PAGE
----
Why

Homogeneous Linear Recurrence Relations

Last week we looked at a recent question about recurrence relations, and I realized it needs a companion article to introduce these ideas. So here we will look at some answers from Ask Dr. Math about the simpler case, including general methods, why they work, and applications.

Negative x Negative = Positive? Concrete Illustrations

One of the more common questions we’ve been asked is, How can the product of two negative numbers be positive? Between this post and the next, I’ll put together many of the answers we have given, starting here with examples from the “real world” (gradually getting more abstract), and next time we’ll look at proofs. …

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Dividing Fractions: Can You Picture It?

We’ve looked at what it means to multiply fractions, including whole and mixed numbers; now it’s time for division of fractions. We’ll start here with pictures, similar to what we did for multiplication, but a little more complicated. Then next time, we’ll see additional ways to understand why we “invert and multiply”.

Simplifying Sums and Quotients of Radicals

(A new question of the week) A recent question asked about the reasons for differences in the work of simplifying different kinds of radical expressions. We’ll look at that general question, with two specific examples, and then consider an older problem of the same type.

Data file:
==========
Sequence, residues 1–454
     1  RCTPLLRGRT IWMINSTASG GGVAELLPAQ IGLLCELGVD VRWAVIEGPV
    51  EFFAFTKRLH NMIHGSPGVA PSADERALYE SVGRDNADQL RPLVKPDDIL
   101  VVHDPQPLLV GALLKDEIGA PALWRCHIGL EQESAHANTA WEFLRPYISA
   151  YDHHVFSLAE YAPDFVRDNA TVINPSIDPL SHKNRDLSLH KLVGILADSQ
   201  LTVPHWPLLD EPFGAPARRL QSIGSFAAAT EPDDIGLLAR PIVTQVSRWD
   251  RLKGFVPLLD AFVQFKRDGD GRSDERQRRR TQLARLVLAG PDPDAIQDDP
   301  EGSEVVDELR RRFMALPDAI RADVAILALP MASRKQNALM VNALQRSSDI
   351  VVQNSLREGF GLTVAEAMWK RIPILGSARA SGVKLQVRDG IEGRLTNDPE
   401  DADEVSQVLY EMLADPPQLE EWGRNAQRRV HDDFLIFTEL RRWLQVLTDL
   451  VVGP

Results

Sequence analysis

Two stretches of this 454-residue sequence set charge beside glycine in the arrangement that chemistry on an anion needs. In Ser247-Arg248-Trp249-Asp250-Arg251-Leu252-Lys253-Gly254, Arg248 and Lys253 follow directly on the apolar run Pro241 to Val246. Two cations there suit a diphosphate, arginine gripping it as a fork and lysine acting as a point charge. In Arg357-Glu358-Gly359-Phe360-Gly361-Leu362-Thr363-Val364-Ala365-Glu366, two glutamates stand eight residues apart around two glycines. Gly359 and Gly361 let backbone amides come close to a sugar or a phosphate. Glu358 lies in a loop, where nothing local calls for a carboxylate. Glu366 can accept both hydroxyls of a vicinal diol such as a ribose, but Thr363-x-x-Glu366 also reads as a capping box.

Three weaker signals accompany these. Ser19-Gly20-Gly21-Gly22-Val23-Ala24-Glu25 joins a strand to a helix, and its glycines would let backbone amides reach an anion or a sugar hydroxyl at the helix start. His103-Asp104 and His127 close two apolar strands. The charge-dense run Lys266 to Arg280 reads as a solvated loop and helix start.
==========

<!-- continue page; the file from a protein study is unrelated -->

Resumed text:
Multiplying Fractions by Whole or Mixed Numbers

Last week we looked at how to multiply fractions, and why we do it that way. But what do we do when one of the numbers is a whole number, or when one or both are mixed numbers? And do we have to do it the way we are taught?

Multiplying Fractions

Last week we looked at some questions about multiplication that arise once students learn to multiply fractions or decimals. Let’s turn to the underlying question: How do you multiply fractions, and why do we do it that way? How does cancelling fit in?

Decimals, Commas, Thousands, and Lakhs

I’ll finish this series on place value and writing numbers, with a question that’s not quite as simple as you might think: why we use commas and decimal points as we do. Americans may be surprised at some of the answers – and some of the questions.